the story behind the art…
“My artistic practice transforms human stories, oral history and collective memory into contemporary art, with a thematic focus on voices which are forgotten, erased, or omitted. My artwork takes the form of multilayered text sculptures, burned ink drawings, sound recordings and sound collage.
Recently I have concentrated on stainless steel text sculptures, or hand- burned paper sculptures and drawings. To me both forms are either an act of telling a story, or realising that some stories are unutterable, erased, censored or lost. Each artwork is shaped by the life story it contains - multilayered, fragile, suspended in time.
I burn the paper with joss sticks to create imagery in the voids, and I cut metal with lasers and heat to create text. Other works also incorporate glass vessels in which I suspend kinetic text sculptures. I like the natural origins of my materials - from earth, minerals and trees, and that these can be altered through my application of heat rather than paint.
My work has led me to be an experienced collector of testimonies and oral histories. In 2017 I launched the platform humanarchiveproject.com and have since gathered thousands of stories. My research has also resulted in various publications, books, and archives (consisting of human testimonies, life stories, secrets, bird song recordings, paper aeroplanes, confessions, memories and spoken word.) The concept of the archive is important to my practice, and as I look back over its evolution I can see that my work has always been about collecting ephemeral things and re-imagining that information in a poetic or visual way. The Archive can be an analogy for individual or collective memory. My current works are developing a critical response to the metaphorical implications of archiving human narratives.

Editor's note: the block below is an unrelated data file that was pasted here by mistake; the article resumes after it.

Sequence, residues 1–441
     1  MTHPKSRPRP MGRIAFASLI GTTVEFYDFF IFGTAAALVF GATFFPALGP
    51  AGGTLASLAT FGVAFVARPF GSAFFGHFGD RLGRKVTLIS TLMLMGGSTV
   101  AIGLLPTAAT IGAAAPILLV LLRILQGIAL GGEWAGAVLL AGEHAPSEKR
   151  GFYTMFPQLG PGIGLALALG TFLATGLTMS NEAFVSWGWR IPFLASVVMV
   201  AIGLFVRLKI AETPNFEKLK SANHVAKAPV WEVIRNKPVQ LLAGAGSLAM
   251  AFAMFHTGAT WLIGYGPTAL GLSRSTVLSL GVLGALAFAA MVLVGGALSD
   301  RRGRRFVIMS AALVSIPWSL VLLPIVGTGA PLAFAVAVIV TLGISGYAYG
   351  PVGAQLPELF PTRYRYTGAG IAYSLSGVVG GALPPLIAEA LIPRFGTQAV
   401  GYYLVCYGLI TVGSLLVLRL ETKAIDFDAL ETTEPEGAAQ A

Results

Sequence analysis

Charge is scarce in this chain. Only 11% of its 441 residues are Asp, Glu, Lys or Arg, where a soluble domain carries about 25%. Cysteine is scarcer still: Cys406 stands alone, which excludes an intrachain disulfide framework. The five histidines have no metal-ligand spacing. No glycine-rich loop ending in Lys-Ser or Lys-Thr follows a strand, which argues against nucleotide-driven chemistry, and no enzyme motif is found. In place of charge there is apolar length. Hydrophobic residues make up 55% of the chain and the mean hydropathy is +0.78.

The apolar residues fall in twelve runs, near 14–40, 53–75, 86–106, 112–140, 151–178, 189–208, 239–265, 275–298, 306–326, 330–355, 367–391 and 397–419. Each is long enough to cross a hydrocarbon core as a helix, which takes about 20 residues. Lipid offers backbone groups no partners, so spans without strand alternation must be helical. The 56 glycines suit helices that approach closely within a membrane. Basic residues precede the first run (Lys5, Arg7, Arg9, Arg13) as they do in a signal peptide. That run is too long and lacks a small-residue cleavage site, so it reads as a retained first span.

Since 2016 my fascination with human stories led me to work with official archives and NGOs. I seek testimonies from those who are often silenced, censored or ignored. I have a particular focus on how trauma leads people to experience time differently and store memory abnormally.
I am interested in the archive that exists within each individual mind, each family, each generation. In particular I have begun researching the internal ‘archiving’ of trauma and the movement of this through time, known as transgenerational trauma.
My most recent public sculpture was commissioned by The Shoah Foundation in Los Angeles, an institution which was founded by Steven Spielberg and works to develop empathy, understanding and respect. 'Shoah' means Holocaust, and the resulting stainless steel text sculpture features the life story of Jona Goldrich, a Holocaust survivor who escaped from Poland during WW2.
In my spare time I collect paper aeroplanes, proverbs, poems, riddles, birdsong recordings, curses, confessions, laments, praises, prayers, prophecies, public announcements, and narratives.”
Nicola Anthony, 2019